University of Texas at Dallas Wins Pan Am Chess Championship,
Reclaims Mythical Title of Best Collegiate Chess Team
RICHARDSON, Texas, Dec. 30 (AScribe Newswire) — Two teams from The University of Texas at Dallas led from start to finish and tied for first place in the 2006 Pan American Intercollegiate Team Chess Championship which ended today in Washington, D.C. With the victory, UT Dallas reclaimed the mythical title of best college chess team in the land, a honor it lost to longtime rival University of Maryland, Baltimore County (UMBC), at last year’s Pan Am.
UT Dallas’ “A” and “B” teams had an impressive record of five match wins and one draw each in the four-day event, long considered the most prestigious tournament of its kind in the Western Hemisphere and known as the “World Series of College Chess.” Out of 48 individual games, neither team suffered a loss. In the end, UT Dallas’ B team was awarded the tournament trophy on tie-break points.
UMBC’s A team placed third in the annual competition, followed by a squad from Miami Dade College in fourth place. Several hundred top players on 24 teams from colleges in the U.S., Canada and Peru took part in the event, held Dec. 27-30 at the Renaissance Hotel in the nation’s capital.
“We are very proud of coach Rade Milovanovic and the UT Dallas players on both teams,” said Jim Stallings, director of the UT Dallas chess program. “Their performance, in an exceptionally talented field, was overpowering and reflects a great deal of hard work in preparing for the tournament and skill in executing their game strategies. Without a doubt, this is the best showing ever by UT Dallas in a major collegiate chess tournament.”
In the past decade, UT Dallas and UMBC have emerged as unquestionably the two best college chess teams in the nation. One or the other has won the Pan Am eight years in a row. In another major annual college chess competition, the Final Four of Chess, no team other than UT Dallas and UMBC has won the event in its six-year history.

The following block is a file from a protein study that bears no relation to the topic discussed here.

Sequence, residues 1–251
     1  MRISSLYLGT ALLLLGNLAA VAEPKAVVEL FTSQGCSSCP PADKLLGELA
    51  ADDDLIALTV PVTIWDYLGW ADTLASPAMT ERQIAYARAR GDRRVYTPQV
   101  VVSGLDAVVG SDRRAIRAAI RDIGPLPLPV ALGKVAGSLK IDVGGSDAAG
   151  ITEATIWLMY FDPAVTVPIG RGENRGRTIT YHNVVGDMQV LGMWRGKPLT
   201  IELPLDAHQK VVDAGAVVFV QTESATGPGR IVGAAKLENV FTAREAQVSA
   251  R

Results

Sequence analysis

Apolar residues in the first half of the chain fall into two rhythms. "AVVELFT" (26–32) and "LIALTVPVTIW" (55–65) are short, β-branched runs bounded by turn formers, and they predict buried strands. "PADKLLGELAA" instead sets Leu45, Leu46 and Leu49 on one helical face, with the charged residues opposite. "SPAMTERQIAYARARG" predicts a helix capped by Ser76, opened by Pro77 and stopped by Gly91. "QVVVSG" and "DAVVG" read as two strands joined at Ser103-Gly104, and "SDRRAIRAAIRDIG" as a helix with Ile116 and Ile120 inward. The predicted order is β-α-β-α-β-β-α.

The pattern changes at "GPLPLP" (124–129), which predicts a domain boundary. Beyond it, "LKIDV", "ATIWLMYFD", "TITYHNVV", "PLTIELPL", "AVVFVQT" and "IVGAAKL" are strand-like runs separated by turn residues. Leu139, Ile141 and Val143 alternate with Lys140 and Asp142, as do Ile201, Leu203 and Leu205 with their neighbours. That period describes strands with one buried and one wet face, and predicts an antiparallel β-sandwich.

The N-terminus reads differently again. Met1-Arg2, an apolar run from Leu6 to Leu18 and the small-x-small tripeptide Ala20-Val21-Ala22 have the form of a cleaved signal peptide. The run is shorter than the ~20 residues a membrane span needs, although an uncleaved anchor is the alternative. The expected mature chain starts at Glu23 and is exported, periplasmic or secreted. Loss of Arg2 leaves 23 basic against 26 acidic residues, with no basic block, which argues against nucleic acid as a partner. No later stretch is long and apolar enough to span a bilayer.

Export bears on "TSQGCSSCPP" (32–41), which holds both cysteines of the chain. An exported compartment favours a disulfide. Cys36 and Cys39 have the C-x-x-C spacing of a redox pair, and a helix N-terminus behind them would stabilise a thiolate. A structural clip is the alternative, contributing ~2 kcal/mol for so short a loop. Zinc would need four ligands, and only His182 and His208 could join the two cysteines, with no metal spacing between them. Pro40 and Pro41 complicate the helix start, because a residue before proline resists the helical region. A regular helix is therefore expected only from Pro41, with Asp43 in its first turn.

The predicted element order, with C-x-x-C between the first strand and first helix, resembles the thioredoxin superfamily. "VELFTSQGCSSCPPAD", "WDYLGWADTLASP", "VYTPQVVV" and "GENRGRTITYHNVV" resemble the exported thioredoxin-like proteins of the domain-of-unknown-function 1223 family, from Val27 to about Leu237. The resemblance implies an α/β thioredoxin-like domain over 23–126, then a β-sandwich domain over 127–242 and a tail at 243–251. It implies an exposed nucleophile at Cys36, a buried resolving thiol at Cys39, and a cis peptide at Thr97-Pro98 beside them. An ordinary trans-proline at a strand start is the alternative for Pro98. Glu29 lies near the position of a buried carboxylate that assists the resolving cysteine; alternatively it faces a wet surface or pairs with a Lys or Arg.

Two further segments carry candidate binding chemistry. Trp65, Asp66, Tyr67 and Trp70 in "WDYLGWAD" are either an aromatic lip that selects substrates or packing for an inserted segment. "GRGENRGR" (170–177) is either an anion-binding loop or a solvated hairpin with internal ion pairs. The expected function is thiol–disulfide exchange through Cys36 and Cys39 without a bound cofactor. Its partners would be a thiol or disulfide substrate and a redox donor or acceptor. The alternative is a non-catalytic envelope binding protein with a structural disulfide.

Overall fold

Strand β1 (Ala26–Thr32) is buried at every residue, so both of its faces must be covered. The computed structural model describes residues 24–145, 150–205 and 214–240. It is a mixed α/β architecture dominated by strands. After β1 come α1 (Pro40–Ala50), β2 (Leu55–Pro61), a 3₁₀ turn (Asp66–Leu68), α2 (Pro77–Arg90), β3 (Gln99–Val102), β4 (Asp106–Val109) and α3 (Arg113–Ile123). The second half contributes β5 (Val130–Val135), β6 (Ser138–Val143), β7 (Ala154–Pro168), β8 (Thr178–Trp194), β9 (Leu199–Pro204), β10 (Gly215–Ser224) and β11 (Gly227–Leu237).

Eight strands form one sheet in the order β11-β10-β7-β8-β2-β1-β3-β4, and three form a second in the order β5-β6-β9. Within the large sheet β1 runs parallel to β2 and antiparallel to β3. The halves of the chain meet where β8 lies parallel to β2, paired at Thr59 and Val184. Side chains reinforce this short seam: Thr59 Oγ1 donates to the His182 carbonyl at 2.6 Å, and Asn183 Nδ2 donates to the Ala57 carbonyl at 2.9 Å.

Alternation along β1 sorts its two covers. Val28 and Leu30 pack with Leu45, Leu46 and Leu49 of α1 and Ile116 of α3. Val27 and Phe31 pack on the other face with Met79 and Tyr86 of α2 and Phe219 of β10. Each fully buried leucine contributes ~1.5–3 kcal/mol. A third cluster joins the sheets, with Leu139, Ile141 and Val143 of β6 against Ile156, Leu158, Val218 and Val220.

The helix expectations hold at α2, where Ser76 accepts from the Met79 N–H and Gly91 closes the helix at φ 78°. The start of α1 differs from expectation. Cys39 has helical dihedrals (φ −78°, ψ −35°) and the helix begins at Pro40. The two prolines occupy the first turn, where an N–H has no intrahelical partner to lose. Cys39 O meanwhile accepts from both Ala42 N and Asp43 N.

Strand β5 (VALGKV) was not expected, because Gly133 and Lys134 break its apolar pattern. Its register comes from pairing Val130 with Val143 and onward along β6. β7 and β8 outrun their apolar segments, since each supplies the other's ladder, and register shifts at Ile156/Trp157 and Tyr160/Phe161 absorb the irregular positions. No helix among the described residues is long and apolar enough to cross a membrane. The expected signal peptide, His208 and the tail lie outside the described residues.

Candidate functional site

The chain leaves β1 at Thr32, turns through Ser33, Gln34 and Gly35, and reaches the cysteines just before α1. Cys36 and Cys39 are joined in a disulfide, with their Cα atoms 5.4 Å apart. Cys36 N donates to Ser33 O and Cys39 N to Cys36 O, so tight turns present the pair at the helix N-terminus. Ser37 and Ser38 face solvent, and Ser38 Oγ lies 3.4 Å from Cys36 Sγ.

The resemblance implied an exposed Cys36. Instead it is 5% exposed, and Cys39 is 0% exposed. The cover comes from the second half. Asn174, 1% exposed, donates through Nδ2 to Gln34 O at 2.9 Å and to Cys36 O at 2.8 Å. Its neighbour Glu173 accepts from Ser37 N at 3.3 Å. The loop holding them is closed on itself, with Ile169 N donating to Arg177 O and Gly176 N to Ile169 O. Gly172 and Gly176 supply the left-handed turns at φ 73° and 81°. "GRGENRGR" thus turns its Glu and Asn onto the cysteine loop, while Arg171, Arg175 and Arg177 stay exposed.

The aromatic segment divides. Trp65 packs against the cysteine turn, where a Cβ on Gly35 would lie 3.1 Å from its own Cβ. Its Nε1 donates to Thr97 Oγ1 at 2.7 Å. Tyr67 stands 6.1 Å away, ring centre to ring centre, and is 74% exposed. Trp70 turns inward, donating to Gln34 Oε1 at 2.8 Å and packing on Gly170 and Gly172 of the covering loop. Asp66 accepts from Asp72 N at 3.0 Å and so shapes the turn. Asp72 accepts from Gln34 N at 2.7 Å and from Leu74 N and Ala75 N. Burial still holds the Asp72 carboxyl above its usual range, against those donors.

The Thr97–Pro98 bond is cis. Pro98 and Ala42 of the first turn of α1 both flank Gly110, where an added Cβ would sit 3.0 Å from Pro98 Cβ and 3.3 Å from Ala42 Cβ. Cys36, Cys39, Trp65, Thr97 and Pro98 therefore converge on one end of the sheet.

However, with UMBC victories last December in the Pan Am and last April in the Final Four, college chess supremacy was claimed, at least temporarily, by the Maryland school.
In order to return the title to Texas, Milovanovic developed a strategy for this year’s Pan Am that had UT Dallas field two, equally talented teams, either of which would be capable of beating anyone in the tournament. In fact, it was the university’s B team that clinched UT Dallas’ victory with a win earlier today over Yale University in the tournament’s final round.
UT Dallas’ A team was composed of Grandmaster Alejandro Ramirez (chess rating of 2566), Grandmaster Magesh Chandran Panchanathan (2526), International Master Drasko Boskovic (2526), FIDE Master John Bartholomew (2454) and FIDE Master Igor Schneider (2428). The B team included International Master Marko Zivanic (2569), International Master Davorin Kuljasevic (2477), International Master Dmitri Schneider (2517), International Master Amon Simutowe (2465) and International Master Jacek Stopa (2436). The A team boasted an average chess rating of 2500, slightly more than the B team’s 2492.8.
About UT Dallas
The University of Texas at Dallas, located at the convergence of Richardson, Plano and Dallas in the heart of the complex of major multinational technology corporations known as the Telecom Corridor, enrolls more than 14,500 students. The school’s freshman class traditionally stands at the forefront of Texas state universities in terms of average SAT scores. The university offers a broad assortment of bachelor’s, master’s and doctoral degree programs. For additional information about UT Dallas, please visit the university’s web site at www.utdallas.edu.